Is there anything better than harvesting bundles of fresh Basil from your garden and bringing them inside to wash them and strip the leaves from the stems? It anoints your hands and fills your kitchen with the overpoweringly wonderful scent that is the essence of summer freshness. Basil's rich floral bouquet, tinged with hints of clove and licorice, is essential in pasta sauces, pizzas and pesto, and is a flavorful adornment for goat and mozzarella cheeses, Tomatoes, Garlic and silky olive oils.
Growing a bountiful supply of Basil is an easy and inexpensive luxury. Just a few seedlings will yield more Basil than you could possibly use (though you'll likely try.) Its fresh, delicate leaves, rich in volatile oils, bruise easily, which is the reason why bunches of Basil often appear so sad and defeated in the supermarket. Growing your own is definitely the way to go!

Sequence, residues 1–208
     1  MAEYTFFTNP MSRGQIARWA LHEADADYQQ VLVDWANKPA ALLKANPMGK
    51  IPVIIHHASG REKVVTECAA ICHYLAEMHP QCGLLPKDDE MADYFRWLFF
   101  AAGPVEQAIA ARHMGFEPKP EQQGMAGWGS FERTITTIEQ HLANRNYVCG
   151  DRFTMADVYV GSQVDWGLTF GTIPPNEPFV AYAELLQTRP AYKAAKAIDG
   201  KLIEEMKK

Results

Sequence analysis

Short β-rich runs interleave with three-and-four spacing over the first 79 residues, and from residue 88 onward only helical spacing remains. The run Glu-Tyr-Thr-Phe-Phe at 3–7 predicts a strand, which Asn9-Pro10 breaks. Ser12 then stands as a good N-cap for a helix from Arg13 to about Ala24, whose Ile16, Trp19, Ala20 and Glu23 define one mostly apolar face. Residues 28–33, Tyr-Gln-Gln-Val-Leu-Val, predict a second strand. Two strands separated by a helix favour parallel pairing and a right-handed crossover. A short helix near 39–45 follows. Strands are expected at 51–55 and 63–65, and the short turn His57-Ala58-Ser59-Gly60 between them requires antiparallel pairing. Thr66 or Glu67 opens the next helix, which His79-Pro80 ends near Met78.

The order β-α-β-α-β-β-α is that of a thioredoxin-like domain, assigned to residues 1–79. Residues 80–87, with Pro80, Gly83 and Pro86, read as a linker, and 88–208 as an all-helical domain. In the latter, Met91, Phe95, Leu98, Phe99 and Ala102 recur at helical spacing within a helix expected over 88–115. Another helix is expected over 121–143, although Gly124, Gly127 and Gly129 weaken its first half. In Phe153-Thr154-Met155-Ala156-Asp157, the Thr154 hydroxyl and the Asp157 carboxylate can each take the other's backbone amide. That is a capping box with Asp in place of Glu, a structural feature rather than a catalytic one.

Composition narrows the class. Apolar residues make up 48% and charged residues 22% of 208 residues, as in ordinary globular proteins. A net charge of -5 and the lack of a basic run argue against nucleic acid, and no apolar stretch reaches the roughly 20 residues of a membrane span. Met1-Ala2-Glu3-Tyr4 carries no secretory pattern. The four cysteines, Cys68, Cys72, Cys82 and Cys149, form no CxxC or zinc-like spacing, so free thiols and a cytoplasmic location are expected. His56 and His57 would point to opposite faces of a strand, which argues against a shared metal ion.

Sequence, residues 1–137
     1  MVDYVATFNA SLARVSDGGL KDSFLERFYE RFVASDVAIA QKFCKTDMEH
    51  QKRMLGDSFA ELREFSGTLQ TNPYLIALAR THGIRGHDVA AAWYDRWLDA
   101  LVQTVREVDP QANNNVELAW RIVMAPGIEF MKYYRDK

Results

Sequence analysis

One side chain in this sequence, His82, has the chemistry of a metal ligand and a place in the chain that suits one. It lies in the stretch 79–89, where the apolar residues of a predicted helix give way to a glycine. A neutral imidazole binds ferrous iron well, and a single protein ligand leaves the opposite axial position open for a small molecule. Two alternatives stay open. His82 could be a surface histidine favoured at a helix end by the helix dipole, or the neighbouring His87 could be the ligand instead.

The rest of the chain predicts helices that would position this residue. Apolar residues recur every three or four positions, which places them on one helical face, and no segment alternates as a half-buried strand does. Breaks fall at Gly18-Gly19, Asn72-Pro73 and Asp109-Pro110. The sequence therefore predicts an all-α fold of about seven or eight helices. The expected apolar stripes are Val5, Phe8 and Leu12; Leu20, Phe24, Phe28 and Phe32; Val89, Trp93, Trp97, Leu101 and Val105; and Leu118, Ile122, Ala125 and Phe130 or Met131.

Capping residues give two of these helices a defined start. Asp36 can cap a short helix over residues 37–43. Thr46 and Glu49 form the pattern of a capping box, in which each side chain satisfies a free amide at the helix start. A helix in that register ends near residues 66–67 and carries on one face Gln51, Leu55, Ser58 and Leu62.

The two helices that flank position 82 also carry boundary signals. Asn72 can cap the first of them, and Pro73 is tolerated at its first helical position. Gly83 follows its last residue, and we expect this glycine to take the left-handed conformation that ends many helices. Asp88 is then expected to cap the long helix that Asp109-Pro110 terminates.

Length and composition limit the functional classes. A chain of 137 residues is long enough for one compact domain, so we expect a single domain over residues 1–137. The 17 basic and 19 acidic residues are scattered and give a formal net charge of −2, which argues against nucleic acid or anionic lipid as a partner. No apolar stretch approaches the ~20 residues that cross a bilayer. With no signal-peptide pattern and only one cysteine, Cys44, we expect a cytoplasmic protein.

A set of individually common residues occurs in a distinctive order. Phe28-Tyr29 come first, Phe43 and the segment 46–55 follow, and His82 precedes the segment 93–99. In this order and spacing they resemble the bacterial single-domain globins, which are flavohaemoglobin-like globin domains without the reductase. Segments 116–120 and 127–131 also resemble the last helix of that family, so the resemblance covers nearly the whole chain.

To start Basil indoors, sow the seed about six weeks before your spring Frost-Free Date (find yours HERE). Provide heat and good ventilation, and give them 12 to 15 hours of bright light each day. Avoid overwatering. Before transplanting the seedlings into the garden, harden them off by putting them outdoors in a sheltered location for a few hours each day for a week to 10 days, gradually lengthening the time outdoors. This will help them to avoid transplant shock. Hold off transplanting until night time temperatures are reliably above 55°F. Basil is a serious heat lover. Just talking about a light frost can be enough to kill it, and if it doesn't succumb outright, it's growth can be so stunted that it will never fully develop. Once the weather is warm and settled, Basil seeds can also be sown directly into the garden. Thin them out so the mature plants will stand about 10" apart.
TIP: During the growing season, the more Basil you harvest, the more your plants will produce. Pinching off flower stalks also encourages bushier, more productive plants.